• The most effective time to carry out coating repairs in the tanks i.e. freshwater washing, surface preparation and coating application, can be done during a routine repair period of reasonable duration.

Damage to ship structure by improper cargo handling:-

  • Ships can be and are frequently damaged during discharging discharging over this especially if the operation is carried out by grabs or payloaders making heavy contact with the ship’s structure.
  • Local overloading, when bulk corners are loaded in ways not for seen by their classification society or shown in their loading manual, resulting in cracking of deck plating at the hatch covers & backing of plating between the hatchways.
  • A faulty distribution of weight can occur when:-
    • A ship jump loads to her tropical marks and corner less than full bunkers. In that situation some or all of the strengthened holds are subjected to greater tonnage of cargo than they were designed to carry.
    • Particular holds are loaded with greater tonnage then the tonnage for which the hold was designed.
    • The vessel is block loaded – i.e., where two or more adjoining holds are heavily loaded with adjacent holds empty. Although it is imperative that the longitudinal stresses are negligible but still the vessel suffers structural damage of the cross deck structures which separates adjacent cargo hatchways at the upper deck level.
  • Failure to Trim cargo reasonably:-
    • Cargoes with a low angle of repose are particularly liable to dry surface movement aboard ship.
    • To overcome this problem the code states that such cargoes should be trimmed as reasonably leveled & spaces completely filled without causing any excessive stresses on adjoining structure.

Importance of assessing defects and damage to cargo spaces:-

  1. It is important that the protective coatings in cargo holds and water ballast tanks are maintained. Therefore, it is imperative that the cargo holds and deck areas should be inspected by ship’s deck officers upon completion of cargo operations to identify any signs of Physical Damage, corrosion or coating damage to the ship’s structure.
  2. Where hull damage is identified, which may affect the integrity of the hull structure and sea-worthiness of the ship, it should be reported accordingly to the classification society.
  3. The internal hold structure and protective coatings in the cargo hold and adjacent double bottom spaces are vulnerable to damage when the cargo is discharged by using grabs. Grabs are made from toughened steel material and when carelessly used can cause considerable damage to the ship’s structure.
  4. Chipping (sharp indentations) and the local buckling or detachment of side frames and end brackets at lower connections could lead to cracking of the side shell plating which would allow the ingress of water into the cargo spaces.
  5. The protective coating which may be required to be applied in the cargo hold are also subject to deterioration caused by the corrosive nature of the cargo, high temperature cargoes, cargo settlement during the voyage and abrasive action of the cargo.
  6. Where no protective coating has been applied or the applied protective coatings have broken down, the rate of corrosion in that area will greatly increase, especially when carrying corrosive cargoes such as coal.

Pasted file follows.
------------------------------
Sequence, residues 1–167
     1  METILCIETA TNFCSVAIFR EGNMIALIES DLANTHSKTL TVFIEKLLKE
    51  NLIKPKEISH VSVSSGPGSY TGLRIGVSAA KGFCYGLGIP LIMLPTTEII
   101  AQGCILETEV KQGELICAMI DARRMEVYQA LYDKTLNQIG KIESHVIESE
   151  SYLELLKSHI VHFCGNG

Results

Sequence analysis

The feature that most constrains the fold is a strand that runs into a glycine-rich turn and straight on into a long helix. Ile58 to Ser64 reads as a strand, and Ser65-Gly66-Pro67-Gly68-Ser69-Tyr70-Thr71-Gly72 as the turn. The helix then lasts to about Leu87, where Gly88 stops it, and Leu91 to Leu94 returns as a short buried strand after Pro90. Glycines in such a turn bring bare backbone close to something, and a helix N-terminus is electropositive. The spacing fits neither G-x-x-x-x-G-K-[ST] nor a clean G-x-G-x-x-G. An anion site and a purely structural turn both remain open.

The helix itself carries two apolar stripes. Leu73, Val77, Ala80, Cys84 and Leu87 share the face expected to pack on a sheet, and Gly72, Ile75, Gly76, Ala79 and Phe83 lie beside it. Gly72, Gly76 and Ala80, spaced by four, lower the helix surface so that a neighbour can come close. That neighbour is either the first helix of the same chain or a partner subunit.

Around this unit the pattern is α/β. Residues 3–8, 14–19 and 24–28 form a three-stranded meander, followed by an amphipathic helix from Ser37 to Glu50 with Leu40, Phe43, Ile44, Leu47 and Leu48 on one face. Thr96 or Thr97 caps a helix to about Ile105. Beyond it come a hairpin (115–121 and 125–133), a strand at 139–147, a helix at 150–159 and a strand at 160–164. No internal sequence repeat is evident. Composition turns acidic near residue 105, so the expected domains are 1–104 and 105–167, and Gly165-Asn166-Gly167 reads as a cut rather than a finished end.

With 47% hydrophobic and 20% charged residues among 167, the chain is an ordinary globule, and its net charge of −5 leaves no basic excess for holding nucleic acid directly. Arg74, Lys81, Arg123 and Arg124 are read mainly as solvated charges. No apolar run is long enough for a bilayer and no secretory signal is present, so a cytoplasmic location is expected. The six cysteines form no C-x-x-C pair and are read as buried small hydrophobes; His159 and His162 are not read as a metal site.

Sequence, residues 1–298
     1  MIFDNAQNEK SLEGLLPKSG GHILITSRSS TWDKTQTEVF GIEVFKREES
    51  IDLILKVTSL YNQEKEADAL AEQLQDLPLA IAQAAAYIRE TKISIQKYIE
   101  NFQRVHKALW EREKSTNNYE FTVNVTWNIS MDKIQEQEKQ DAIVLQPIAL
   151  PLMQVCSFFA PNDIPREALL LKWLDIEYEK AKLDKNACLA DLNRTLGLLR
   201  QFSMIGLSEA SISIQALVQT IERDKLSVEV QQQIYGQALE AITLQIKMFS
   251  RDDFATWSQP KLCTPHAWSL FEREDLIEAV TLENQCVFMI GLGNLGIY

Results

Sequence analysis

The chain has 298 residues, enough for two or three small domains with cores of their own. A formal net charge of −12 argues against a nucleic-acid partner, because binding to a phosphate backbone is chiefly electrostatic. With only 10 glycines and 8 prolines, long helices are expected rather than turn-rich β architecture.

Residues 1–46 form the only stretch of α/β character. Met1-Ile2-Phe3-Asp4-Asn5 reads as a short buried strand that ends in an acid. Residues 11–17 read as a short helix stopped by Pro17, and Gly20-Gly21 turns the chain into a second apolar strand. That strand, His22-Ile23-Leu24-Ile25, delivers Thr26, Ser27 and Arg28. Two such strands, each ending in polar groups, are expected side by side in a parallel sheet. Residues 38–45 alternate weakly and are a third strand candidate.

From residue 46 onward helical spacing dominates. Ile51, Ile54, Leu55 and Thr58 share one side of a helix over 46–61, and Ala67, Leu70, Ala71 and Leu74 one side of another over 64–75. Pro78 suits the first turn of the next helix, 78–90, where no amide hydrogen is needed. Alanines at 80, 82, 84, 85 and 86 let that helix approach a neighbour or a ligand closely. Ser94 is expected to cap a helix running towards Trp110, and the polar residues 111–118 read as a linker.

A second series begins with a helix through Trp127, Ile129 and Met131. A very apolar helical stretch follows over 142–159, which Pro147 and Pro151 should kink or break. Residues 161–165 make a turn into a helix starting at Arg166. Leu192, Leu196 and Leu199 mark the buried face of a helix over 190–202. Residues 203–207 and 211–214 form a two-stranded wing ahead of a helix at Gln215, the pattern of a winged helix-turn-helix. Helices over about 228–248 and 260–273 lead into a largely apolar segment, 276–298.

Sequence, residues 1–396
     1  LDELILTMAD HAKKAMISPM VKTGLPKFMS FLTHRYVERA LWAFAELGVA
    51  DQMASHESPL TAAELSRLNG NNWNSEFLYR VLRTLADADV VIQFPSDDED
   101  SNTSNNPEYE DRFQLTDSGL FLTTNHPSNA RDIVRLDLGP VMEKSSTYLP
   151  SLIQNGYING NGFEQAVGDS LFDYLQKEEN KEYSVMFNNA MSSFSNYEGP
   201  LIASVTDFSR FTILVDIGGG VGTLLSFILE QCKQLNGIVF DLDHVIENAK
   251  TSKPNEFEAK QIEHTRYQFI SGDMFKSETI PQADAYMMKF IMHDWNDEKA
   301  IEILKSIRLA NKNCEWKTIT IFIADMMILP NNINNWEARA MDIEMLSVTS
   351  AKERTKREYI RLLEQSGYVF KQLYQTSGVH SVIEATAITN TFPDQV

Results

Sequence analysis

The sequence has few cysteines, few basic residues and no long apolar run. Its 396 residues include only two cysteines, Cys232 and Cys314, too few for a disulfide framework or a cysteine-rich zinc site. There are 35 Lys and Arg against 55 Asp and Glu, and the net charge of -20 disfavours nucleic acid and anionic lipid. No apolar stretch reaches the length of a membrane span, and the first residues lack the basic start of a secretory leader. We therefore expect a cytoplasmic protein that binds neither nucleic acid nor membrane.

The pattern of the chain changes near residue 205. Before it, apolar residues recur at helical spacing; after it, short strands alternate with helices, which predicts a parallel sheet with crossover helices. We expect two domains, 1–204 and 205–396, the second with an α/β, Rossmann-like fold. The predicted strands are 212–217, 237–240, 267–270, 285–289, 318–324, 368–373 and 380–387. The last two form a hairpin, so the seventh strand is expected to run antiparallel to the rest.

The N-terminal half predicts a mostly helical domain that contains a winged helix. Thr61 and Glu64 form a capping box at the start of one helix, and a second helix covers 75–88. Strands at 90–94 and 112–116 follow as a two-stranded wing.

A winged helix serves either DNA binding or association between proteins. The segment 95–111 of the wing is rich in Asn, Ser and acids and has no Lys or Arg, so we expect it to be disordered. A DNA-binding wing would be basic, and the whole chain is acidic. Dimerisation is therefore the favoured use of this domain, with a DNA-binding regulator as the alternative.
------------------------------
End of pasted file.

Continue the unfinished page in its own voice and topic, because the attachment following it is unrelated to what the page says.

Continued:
7. Corrosion will weaken the ship’s structure and may eventually seriously affect the ship’s structural integrity. The severity of the corrosion caused by a structural member may not be easily detected, without close-up inspection or until the corrosion causes serious structural problems such as the collapse or detachment of hold frames, resulting in cracks propagating in the side shell.

It is therefore extremely important for a close-up inspection of the cargo spaces, after discharge operations when such corrosive and high temperature cargoes are being carried.

  • When the main grab discharge is ended, front end loaders (Pay Loaders) are usually lowered into the hold to gather the cargo from the ends and wings and pile it in the square of the hatch, to facilitate easy discharge by the grab.

Also, trimmers men are employed to shovel up the last of cargo from the position which front end Payloader, cannot reach, i.e. all the inaccessible places, elsewhere by the Payloader, in order to assist in discharge of final remaining cargo.

  • Standards of trimming vary considerably and ship’s officers are therefore encouraged to inspect the holds, thoroughly, whilst the trimmers are working in the hold, in order to remove as much residual cargo as possible. Thereby, utilizing the maximum efficiency and preparing hold for hold cleaning preparations.
  • The final inspection, after each cargo operation should include that no bilge gratings or manhole cover plates are missing that the securing bolts have not been damaged, that all the sounding pipes, airpipes and ballast lines and their pipeguards are intact, that no new indents can be seen in the plating of the tanktop, lower or upper hopper sides, or athwart ship bulkheads, that the side frames are regular and undamaged with brackets undamaged and that the hold ladders platforms, rails are complete and undamaged.
  • Any damage to the tank top plating, hopper sides, shell plating and framing, hatch coamings, hatch covers, bulkheads, stools and upper deck plating, air and sounding pipes, which could affect the sea-worthiness of the vessel, should be directly reported to the classification society.